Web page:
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Geography of the Panama Canal

A CANAL THAT LINKS the Atlantic and Pacific oceans through the isthmus of Panama from northwest to southeast, the Panama Canal is 51 mile (82 kilometer) long. A trip through the canal takes approximately 8 hours. The Panama Canal consists of a system of 6 locks that help ships negotiate the water levels of the canal. On the Atlantic side are the 3 locks at Gatun, and on the Pacific side are a lock at Pedro Miguel and 2 locks at Miraflores. The locks are in 6 pairs so that ships can travel in opposite directions. The locks are 1,000 foot (300 meter) long and 110 foot (33 meter) wide. The Panama Canal was formerly part of the Canal Zone, a 10-mile (16-kilometer) strip of land that was under the jurisdiction of the United States from 1903 until 1999. The desire to find a shortcut from the Atlantic to the Pacific stretches back to at least 500 years ago. The reality of construction on a canal began in 1880 when Ferdinand de Lesseps, who oversaw construction of the Suez Canal, gained a concession from the Colombian government, which ruled Panama, to begin work on the canal. However, after 8 years, de Lesseps’s plan ended in disaster as a result of poor planning, disease, and political upheavals. In 1889, de Lesseps’s company declared bankruptcy and operations were turned over to the New Panama Canal Company in 1894. The same problems of disease and worker unrest also plagued the new owners, and after 1898, the New Panama Canal Company sought out potential buyers to take over construction. The United States had been interested in constructing an isthmian canal since the early 19th century. In 1850, representatives from the United States and Great Britain signed the Clayton-Bulwer Treaty, which stated that neither the country would have sole ownership or defense of any future canal through Panama. By the end of the 19th century, the United States began its imperial expansion. The Clayton-Bulwer Treaty was replaced by the Hay-Pauncefote Treaty in 1901, giving the United States the sole monopoly on an isthmian canal and smoothing relations with Britain. In 1902, the United States began negotiations with Colombia over the purchasing of the rights from the New Panama Canal Company to build the canal. The Colombian government, however, rejected the Hay-Herrán Treaty because it would lose money in the long term. On November 3, 1903, a revolt erupted in Panama, and it declared its independence from Colombia, with American support. Thus, the United States was in a better position to negotiate for a canal treaty. Under the Hay-Bunau-Varilla Treaty, signed on November 18, 1903, the United States gained the Canal Zone and sole administration and defense of the canal “in perpetuity.”
Panama Canal
The Panama Canal links the Atlantic and Pacific oceans through the isthmus of Panama from northwest to southeast and is 51 mile (82 kilometer) long. A trip through the canal takes approximately 8 hours.

BUILDING THE CANAL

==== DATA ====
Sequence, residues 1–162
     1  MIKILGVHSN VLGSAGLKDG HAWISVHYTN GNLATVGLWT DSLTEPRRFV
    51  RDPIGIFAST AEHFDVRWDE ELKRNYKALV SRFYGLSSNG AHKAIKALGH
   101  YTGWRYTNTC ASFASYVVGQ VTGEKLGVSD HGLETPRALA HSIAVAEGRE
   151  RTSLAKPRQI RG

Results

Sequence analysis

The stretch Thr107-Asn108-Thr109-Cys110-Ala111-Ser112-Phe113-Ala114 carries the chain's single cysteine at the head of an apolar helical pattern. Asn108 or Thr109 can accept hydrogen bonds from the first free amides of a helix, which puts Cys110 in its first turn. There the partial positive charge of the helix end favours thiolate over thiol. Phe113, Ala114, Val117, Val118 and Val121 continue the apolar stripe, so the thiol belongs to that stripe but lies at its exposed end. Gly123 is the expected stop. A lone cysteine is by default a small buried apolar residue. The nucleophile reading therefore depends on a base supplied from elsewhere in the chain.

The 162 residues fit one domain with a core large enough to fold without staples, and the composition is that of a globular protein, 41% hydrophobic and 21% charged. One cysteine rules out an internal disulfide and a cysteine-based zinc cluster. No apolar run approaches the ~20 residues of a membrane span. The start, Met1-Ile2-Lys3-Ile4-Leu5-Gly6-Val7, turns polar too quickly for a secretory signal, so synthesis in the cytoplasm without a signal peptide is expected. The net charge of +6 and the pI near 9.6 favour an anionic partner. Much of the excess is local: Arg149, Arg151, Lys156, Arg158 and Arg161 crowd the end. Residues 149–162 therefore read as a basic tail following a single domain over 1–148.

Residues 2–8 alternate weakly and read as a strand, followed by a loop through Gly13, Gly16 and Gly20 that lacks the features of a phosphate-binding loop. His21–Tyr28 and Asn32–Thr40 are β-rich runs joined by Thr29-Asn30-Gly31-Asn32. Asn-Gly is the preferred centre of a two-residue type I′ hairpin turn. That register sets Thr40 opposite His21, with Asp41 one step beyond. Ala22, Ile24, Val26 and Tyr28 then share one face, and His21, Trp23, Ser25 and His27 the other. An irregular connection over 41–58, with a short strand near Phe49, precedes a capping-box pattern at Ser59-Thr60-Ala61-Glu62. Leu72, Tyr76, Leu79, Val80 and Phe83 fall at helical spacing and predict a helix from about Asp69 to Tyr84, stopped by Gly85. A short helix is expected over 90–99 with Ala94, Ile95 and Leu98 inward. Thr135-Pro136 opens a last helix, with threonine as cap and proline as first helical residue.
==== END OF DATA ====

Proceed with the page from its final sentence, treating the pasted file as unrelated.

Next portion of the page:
The building of the Panama Canal is considered 1 of the great engineering feats of history. Construction began in 1904 under the Army Corps of Engineers led by George W. Goethals. In order to compensate for the varied terrain and the unnavigability of Panama’s rivers, the Chagres River was dammed, creating a human-made lake 85 foot (278 meter) above sea level, later named Lake Gatun. Ships entering from the Atlantic would enter the Gatun Locks to get to the lake. The Gaillard Cut was then constructed for the sharp descent to the Pacific. The number of laborers it took to build the canal totaled some 17,000, mostly from the Caribbean. Another obstacle to overcome was eradicating disease, which was the undoing of previous attempts to build the canal. Under William C. Gorgas, the U.S. Army eradicated diseases such as yellow fever and malaria by destroying nesting areas of mosquitoes. The project cost $380 million and lasted about 10 years. The Panama Canal opened in August 1914. The people of Panama were never satisfied with their relationship with the United States regarding the Panama Canal. After negotiations during the 1960s and 1970s, a new treaty replaced the Hay-Bunau-Varilla Treaty, whereby the United States would gradually hand over control of the canal to Panama. In 2000, Panama gained full control over the canal. Issues from the American control of the canal remain, however, such as the cleanup of the ecological damage in the Canal Zone and unexploded ordnance from former test sites. The Panama Canal contributes about 7 percent to Panama’s gross domestic product. In 2001, revenues from the canal came to $215.2 million from annuities, tolls, dividends, and aid from the United States. The majority of the traffic that goes through the canal is from East Asia to the eastern United States. The countries that use the canal heavily are the United States, Japan, China, Chile, South Korea, and Peru. During the 2002–03 fiscal year, 11,725 oceangoing vessels transited through the Panama Canal. Use of the canal has been declining in recent years because of the everincreasing size of ships being constructed that cannot fit into the locks. To solve this problem, the government of Panama has begun work on widening the Culebra Cut and deepening the Gatun Lake channel and is considering building a third set of locks.
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